News Release

Discovery of the first ancestors of scorpions, spiders and horseshoe crabs

Peer-Reviewed Publication

University of Lausanne

Origins of spiders, scorpions and horseshoe crabs


One of the Setapedites abundantis fossils that have been used to trace the origins of spiders, scorpions and horseshoe crabs. ©UNIL

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Credit: UNIL

Who were the earliest ancestors of scorpions, spiders and horseshoe crabs? A PhD student from the University of Lausanne (Switzerland), with the support of a CNRS researcher[1], has identified a fossil that fills the gap between modern species and those from the Cambrian period (505 million years ago), solving a long paleontological mystery.

Modern scorpions, spiders and horseshoe crabs belong to the vast lineage of arthropods, which appeared on earth nearly 540 million years ago. More precisely, they belong to a subphylum that includes organisms equipped with pincers used notably for biting, grasping prey, or injecting venom - the chelicerae, hence their name chelicerates. But what are the ancestors of this very specific group?

This question has puzzled paleontologists ever since the study of ancient fossils began. It was impossible to identify with certainty any forms among early arthropods that shared enough similarities with modern species to be considered ancestors. The mystery was further compounded by the lack of fossils available for the key period between -505 and -430 million years ago, which would have facilitated genealogical investigation.

Lorenzo Lustri, then a PhD student at the University of Lausanne (UNIL)'s Faculty of Geosciences and Environment, provided the missing piece of the puzzle. Together with his supervisors, he studied a hundred fossils dating back 478 million years from the Fezouata Shale of Morocco and identified the candidate that links modern organisms to those of the Cambrian (505 million years ago). The study was published in Nature Communications.

Fossils from the Fezouata Shale were discovered in the early 2000s and have undergone extensive analysis. However, the fossil illustrated in the publication, one of the most abundant in the deposit, had never been described before. Measuring between 5 and 10 millimeters in size, it has been named Setapedites abundantis. This animal makes it possible, for the first time, to trace the entire lineage of chelicerates, from the appearance of the earliest arthropods to modern spiders, scorpions and horseshoe crabs.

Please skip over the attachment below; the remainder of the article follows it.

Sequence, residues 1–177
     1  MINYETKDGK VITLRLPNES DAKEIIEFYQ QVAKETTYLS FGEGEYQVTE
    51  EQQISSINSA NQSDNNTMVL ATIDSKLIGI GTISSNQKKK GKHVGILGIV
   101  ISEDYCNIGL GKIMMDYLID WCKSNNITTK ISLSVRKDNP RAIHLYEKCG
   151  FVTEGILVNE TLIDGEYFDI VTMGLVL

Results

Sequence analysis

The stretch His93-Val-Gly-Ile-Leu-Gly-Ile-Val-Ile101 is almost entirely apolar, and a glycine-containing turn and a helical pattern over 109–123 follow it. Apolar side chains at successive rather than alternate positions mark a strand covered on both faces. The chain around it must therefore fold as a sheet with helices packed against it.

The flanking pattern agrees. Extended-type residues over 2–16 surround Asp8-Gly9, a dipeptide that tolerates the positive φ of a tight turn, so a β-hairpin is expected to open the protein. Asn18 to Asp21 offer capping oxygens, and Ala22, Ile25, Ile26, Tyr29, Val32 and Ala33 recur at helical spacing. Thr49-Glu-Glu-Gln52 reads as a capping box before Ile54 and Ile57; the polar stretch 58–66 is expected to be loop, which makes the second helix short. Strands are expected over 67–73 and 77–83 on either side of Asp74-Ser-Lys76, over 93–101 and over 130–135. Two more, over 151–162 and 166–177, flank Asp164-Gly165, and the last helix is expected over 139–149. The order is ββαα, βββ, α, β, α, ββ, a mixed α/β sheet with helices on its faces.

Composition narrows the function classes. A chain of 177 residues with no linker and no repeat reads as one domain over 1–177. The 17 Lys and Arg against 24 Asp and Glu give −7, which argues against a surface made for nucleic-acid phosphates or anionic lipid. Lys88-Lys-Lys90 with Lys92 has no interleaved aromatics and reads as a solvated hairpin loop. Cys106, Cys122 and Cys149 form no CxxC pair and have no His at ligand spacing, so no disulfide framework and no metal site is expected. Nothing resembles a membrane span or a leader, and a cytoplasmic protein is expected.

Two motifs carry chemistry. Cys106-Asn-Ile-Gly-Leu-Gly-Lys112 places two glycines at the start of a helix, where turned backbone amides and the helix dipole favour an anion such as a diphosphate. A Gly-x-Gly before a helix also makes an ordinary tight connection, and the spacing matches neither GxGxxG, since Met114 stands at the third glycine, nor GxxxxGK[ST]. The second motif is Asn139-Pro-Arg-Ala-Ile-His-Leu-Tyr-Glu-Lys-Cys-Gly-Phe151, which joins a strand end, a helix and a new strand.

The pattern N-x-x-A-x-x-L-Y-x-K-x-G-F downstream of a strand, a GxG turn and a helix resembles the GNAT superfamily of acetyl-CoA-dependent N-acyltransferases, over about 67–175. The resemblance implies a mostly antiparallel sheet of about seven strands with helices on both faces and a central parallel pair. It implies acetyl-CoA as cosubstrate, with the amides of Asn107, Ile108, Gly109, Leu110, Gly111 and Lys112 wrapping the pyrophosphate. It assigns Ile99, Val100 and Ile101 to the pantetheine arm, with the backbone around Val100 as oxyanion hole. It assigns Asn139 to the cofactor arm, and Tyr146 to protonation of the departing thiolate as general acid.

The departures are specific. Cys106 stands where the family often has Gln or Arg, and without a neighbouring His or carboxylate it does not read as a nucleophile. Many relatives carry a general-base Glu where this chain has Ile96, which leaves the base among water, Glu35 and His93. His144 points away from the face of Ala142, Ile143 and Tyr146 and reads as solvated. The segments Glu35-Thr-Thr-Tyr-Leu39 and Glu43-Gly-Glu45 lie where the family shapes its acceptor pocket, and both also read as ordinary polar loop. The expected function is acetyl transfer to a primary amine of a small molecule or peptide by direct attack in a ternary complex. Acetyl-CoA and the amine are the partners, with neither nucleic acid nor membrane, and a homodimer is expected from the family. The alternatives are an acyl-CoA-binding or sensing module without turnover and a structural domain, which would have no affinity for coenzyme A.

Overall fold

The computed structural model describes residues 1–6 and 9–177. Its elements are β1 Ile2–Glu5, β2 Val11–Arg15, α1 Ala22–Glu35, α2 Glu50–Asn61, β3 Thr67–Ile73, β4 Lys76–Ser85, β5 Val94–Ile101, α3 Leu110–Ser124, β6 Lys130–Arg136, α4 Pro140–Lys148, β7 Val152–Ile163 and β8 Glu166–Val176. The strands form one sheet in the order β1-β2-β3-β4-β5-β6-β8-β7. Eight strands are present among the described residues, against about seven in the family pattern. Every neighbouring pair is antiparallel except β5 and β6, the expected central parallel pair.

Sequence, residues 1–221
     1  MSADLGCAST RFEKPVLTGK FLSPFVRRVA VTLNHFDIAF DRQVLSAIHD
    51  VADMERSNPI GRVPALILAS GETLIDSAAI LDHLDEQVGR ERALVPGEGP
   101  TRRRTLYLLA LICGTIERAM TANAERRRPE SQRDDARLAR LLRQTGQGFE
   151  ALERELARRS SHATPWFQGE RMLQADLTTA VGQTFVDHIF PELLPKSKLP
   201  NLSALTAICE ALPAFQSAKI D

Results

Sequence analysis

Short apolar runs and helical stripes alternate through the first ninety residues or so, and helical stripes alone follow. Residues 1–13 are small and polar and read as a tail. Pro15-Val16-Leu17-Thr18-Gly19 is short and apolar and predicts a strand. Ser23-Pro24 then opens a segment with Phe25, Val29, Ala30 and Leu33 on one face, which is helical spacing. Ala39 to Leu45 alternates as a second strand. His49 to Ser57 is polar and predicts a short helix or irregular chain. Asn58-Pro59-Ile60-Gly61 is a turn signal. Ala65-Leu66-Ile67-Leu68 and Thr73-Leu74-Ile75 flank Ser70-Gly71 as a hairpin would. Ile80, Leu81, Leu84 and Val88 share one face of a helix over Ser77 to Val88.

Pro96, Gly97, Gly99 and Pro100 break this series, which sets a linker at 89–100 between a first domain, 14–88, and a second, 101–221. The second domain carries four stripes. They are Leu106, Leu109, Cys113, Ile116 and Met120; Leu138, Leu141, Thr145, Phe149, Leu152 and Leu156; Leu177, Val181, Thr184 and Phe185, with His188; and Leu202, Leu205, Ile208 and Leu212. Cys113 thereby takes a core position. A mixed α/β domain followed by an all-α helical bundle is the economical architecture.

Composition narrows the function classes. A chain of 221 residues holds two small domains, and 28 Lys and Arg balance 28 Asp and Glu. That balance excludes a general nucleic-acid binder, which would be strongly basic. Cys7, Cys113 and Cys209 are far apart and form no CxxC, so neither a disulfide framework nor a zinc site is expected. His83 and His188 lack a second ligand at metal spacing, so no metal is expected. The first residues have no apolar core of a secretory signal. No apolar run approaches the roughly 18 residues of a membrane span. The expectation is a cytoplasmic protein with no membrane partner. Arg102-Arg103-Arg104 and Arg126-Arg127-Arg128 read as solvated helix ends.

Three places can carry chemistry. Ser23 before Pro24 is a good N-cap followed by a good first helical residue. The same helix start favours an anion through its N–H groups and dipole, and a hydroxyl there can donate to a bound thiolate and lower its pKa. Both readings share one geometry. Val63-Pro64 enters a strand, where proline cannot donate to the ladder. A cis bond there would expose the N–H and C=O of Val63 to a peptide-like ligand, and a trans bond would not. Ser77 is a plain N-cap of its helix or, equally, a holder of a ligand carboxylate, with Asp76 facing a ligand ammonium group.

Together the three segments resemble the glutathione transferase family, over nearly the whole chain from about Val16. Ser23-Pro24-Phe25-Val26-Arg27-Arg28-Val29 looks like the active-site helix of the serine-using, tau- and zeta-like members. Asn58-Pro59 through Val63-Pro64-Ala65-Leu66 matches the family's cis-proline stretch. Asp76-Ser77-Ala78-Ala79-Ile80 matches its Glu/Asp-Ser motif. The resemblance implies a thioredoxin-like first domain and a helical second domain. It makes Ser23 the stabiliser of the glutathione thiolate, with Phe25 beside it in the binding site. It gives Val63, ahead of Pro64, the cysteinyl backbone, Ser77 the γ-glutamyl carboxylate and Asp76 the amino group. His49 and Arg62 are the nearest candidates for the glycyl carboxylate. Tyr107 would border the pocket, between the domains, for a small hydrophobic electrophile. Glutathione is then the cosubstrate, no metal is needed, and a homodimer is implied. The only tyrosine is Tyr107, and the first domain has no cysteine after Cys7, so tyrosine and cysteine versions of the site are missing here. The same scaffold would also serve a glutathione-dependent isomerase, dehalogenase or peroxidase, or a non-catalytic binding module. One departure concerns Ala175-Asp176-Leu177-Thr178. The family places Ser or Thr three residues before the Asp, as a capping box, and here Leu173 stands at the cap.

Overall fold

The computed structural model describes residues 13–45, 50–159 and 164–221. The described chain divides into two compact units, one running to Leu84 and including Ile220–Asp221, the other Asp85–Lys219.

“Initially, we only intended to describe and name this fossil. We had absolutely no idea that it would hold so many secrets,” confides Lorenzo Lustri, the paper's first author, who defended his PhD in March 2023. “It was therefore an exhilarating surprise to realize, after careful observations and analysis, that it also filled an important gap in the evolutionary tree of life.”              

Still, the fossil has yet to reveal all its secrets. In fact, some of its anatomical features allow for a deeper understanding of the early evolution of the chelicerate group, and perhaps even link to this group other fossil forms whose affinities remain highly debated.

A temporary exhibition on the Fezouata biota, in collaboration with UNIL, will soon be held at the Palais de Rumine in Lausanne, Switzerland. 

To obtain these results, the scientists studied a hundred fossils and used an X-ray scanner to
reconstruct their anatomy in detail and in 3D. They were then able to draw comparisons with
numerous fossil chelicerates from other sites, as well as with their more ancient relatives.
Finally, the importance of the Fezouata fossil became clear with the help of phylogenetic
analyses, which mathematically reconstruct the family tree of different species based on the
“coding” of all their anatomical traits.  

Source : L. Lustri, P. Gueriau, and A. C. Daley, Lower Ordovician synziphosurine reveals early euchelicerate diversity and evolution, Nature Communications.

PRESS KIT (additional images, pictures)


[1] Working in Ipanema (CNRS/MNHN/UVSQ/Ministry of Culture)

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